Wednesday, June 18, 2008
Knoxville, TN - Paul Miller used to be able to unclip a pit bull he wasn't familiar with from its chain without fear. Today, that's no longer the case. Miller, the executive director of the Humane Society in Hagerstown, MD, and an expert on pit bulls, gave a public lecture recently at the University of Tennessee College of Veterinary Medicine.
He said that in the past, pit bulls bred to fight other dogs typically were not human-aggressive. Trait dilution in the breed since the 1980s, however, has changed things. He said that today, one pit bull might be happy in the company of other pets. But another might attack humans with the same fight-to-kill mindset traditionally reserved for other dogs.
Multiple animal agencies have acknowledge this "trait dilution," most notably the HSUS and the ASPCA."With the unknown breed history in a lot of them, you have to be aware of the factors in their environment," Miller said. He later added, "How far they are from fighting, we don't know." Miller’s statements leave little doubt that animal agencies, strongly affiliated with pit bulls, understand the rising risk of all pit bulls -- raised properly or improperly -- to attack human beings.
Miller's talk to about 30 people, including many pit bull owners, was the third about the topic he has given in the past few days in Knoxville. He has also spoken to law enforcement officers and shelter workers. Since the brutal attack and killing of 21-year old Jennifer Lowe in Knox County last November, Tennessee politicians and the Lowe family have been pressing for stronger dangerous dog laws.
06/02/08: ASPCA Pushing Pit Bull Adoption: Adopt-A-Bull Contest
11/15/07: 2007 Fatality: No Charges Filed for Owner of 2 Pit Bulls that Killed Jennifer Lowe
Labels: Unpredictable Pit Bull
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| 6/18/2008 7:37 PM |
Here is another tragic aspect of the pit bull population explosion....
"An advocate for collies is upset but not surprised that Tippy was attacked by a pit bull last week at Jacksonville's Animal Care and Control facility.
Tippy, a 7-year-old collie, was placed in the same kennel as the pit bull that attacked him.
City workers said the pit bull grabbed Tippy by the throat and they had to beat the dog off the collie. "
What is so upsetting about the above article is that the animal shelter workers are unapologetic...they complain that there are simply not enough runs available, so they have to house dogs together....and because so many shelter workers refuse to accept the fact that pit bulls are different than other dogs, they are deliberately putting safe, adoptable dogs at risk by placing them in kennels with pit bulls.
Has anyone asked how many safe, loving, adoptable dogs have been euthanized in this country because shelters had to make room for the never-ending flood of incoming pit bulls? I'm sure its not quite as sexy or alluring for the so-called "rescue angels" who love the drama and danger of rescuing pit bulls, to consider the needs of other breeds. Its no fun to try and rescue, say, beagles who are commonly used and horribly abused in lab experiments. You can't be part of a "movement", or blog about how unfair life is to Beagles, or buy "Punish the deed, not the Beagle" T-shirts on Cafe Press. Its no fun. No one is afraid of a Beagle, so you don't get that little thrill of having people fear you when you walk your dog down the street. You can't act rightously indignant, because everyone likes beagles.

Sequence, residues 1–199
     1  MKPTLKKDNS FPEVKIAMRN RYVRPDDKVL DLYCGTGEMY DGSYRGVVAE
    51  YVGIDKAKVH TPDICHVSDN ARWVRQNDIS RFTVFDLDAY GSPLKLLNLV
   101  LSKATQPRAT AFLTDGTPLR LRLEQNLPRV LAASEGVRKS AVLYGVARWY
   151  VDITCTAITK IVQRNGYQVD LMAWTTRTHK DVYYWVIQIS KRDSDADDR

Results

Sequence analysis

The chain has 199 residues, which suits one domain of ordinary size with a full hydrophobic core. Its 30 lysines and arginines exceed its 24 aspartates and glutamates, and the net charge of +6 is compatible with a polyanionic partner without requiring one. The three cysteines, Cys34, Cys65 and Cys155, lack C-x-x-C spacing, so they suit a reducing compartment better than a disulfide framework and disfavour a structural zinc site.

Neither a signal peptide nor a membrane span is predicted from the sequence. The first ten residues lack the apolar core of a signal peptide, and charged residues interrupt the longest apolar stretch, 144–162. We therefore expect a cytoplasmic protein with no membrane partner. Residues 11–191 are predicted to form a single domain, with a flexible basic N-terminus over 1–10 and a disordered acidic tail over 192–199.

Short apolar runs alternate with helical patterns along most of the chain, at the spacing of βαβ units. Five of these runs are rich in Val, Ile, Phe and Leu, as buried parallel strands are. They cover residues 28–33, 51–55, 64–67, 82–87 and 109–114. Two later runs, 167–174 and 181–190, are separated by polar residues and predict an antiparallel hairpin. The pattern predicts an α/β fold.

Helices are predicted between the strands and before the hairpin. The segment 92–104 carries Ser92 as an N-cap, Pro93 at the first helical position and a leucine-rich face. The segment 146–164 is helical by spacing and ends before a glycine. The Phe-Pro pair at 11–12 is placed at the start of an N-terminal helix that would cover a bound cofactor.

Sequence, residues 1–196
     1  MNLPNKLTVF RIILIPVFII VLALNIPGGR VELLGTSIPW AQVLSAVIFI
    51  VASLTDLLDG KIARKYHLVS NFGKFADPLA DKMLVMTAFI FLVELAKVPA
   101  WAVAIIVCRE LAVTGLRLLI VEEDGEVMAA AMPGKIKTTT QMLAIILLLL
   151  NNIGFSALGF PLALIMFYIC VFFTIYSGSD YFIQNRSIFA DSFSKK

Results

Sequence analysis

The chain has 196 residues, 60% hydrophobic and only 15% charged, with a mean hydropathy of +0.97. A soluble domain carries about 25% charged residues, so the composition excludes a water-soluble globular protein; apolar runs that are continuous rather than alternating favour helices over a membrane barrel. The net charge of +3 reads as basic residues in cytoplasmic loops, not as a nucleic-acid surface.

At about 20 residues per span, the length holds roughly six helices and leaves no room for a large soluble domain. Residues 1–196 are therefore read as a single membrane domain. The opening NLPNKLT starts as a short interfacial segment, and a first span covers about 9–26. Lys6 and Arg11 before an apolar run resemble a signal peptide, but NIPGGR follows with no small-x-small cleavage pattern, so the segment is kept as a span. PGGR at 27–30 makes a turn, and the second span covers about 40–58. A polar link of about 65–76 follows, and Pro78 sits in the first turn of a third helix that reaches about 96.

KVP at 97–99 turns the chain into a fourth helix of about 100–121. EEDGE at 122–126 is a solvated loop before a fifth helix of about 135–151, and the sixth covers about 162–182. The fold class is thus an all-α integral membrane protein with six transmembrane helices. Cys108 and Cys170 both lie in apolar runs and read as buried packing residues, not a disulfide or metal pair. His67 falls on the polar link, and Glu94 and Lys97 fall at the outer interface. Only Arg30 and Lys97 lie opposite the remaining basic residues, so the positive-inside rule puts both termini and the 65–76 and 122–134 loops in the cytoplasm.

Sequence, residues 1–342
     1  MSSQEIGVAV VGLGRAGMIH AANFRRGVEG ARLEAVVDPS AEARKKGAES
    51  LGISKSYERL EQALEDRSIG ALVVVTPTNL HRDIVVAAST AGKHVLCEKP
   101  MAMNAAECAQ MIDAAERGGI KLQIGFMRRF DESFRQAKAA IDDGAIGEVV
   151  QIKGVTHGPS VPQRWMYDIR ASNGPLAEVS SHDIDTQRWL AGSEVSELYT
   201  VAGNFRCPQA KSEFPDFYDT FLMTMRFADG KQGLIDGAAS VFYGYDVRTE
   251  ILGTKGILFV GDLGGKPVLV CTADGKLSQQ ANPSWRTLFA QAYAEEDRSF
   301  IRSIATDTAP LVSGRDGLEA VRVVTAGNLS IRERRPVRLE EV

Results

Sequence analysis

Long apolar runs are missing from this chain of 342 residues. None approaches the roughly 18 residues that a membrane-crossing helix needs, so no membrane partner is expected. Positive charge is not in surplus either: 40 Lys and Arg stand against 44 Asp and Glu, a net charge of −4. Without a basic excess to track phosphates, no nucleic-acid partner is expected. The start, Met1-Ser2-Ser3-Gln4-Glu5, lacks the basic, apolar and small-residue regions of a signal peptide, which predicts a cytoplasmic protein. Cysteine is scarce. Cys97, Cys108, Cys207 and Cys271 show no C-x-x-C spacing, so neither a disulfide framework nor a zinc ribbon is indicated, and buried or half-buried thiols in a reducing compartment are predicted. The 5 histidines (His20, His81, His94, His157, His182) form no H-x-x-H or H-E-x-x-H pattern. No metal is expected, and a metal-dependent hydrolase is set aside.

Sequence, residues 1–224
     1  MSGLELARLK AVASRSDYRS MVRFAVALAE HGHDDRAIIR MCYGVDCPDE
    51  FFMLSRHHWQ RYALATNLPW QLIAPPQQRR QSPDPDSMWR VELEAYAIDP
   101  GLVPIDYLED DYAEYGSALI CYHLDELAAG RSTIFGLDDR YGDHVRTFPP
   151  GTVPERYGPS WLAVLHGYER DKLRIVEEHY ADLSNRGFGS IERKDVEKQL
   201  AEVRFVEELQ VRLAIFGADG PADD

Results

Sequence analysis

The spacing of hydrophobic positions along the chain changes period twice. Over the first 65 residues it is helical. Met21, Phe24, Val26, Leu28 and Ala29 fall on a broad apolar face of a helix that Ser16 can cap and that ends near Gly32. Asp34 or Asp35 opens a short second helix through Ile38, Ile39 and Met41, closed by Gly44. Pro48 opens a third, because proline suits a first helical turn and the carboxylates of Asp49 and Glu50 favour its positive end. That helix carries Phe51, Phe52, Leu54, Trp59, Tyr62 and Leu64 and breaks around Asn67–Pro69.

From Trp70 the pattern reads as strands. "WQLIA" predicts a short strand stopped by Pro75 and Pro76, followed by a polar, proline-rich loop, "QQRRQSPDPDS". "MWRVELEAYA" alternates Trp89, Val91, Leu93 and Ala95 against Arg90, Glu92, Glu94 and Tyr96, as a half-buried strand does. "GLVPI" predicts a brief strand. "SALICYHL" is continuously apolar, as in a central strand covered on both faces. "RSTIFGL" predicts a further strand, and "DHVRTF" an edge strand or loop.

Maybe its time for the REAL dog lovers in this country to get up off of our asses and do something about this. Its time we DEMAND regulation of pit bull type dogs. Its time we ignored the misanthropic fringe element of pit bull owners, and emotionally damaged "rescue" and shelter workers who have anthropomorphized dogs to the extent that their opinions and observations can no longer be taken seriously.
Safe, loving family dogs are dying every day in this country, killed in pit bull attacks. Shelters are euthanizing adoptable dogs to make room for more pit bulls. When do we say enough is enough, and stop the carnage? When do we regulate the breeding and ownership of these dogs?
| 6/19/2008 6:46 AM |
What you say is absolutely true. There was another article that was posted here that said when pit bull are over populated like they are, it means more dogs of all breeds die in shelters. From my own experiences, when I went to the shelter to pick up my dog (a beagle mix), the staff tried to get me to take home a pit bull instead. They had no intentions of adopting out my dog, several staff members were stunned when they saw her out of the cage and going home. And she was marked as urgent on their web site - if I had not taken her she would have been put to sleep. And she's a great dog, would have been a wonderful pet for almost anyone. What makes pit bulls more worthy of a home than her or any other dog?
| 6/19/2008 4:30 PM |
Many shelter workers will lie about the breed and trick potential adopters into adopting pits and pit mixes, because they know few families want them. They are commonly called "boxer mixes", or "lab mixes" or "hound mixes". What I see in the suburbs is that the families who have absolutely no dog knowledge...often those who never owned a dog before....are the ones who end up "rescuing" a pit bull; often without even realizing the dog is a pit bull.
Ironically, shelter workers consistently are responsible for setting these dogs up for failure....the people who are least capable of managing a pit bull are most often the ones that end up with one. If shelter workers were completely honest about the pit bull's limitations as a family pet, no one would adopt them.